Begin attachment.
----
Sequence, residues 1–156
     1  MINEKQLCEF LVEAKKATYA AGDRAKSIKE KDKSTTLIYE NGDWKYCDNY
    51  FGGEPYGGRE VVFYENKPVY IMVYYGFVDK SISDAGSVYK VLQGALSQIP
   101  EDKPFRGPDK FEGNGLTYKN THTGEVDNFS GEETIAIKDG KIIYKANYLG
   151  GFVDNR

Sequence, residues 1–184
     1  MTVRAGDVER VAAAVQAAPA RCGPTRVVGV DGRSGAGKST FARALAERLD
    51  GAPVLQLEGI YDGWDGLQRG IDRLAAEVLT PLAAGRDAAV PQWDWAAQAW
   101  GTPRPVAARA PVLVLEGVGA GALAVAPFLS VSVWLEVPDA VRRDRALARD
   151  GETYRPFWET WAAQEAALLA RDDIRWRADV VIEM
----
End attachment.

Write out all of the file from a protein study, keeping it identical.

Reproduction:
Sequence, residues 1–156
     1  MINEKQLCEF LVEAKKATYA AGDRAKSIKE KDKSTTLIYE NGDWKYCDNY
    51  FGGEPYGGRE VVFYENKPVY IMVYYGFVDK SISDAGSVYK VLQGALSQIP
   101  EDKPFRGPDK FEGNGLTYKN THTGEVDNFS GEETIAIKDG KIIYKANYLG
   151  GFVDNR

Sequence, residues 1–184
     1  MTVRAGDVER VAAAVQAAPA RCGPTRVVGV DGRSGAGKST FARALAERLD
    51  GAPVLQLEGI YDGWDGLQRG IDRLAAEVLT PLAAGRDAAV PQWDWAAQAW
   101  GTPRPVAARA PVLVLEGVGA GALAVAPFLS VSVWLEVPDA VRRDRALARD
   151  GETYRPFWET WAAQEAALLA RDDIRWRADV VIEM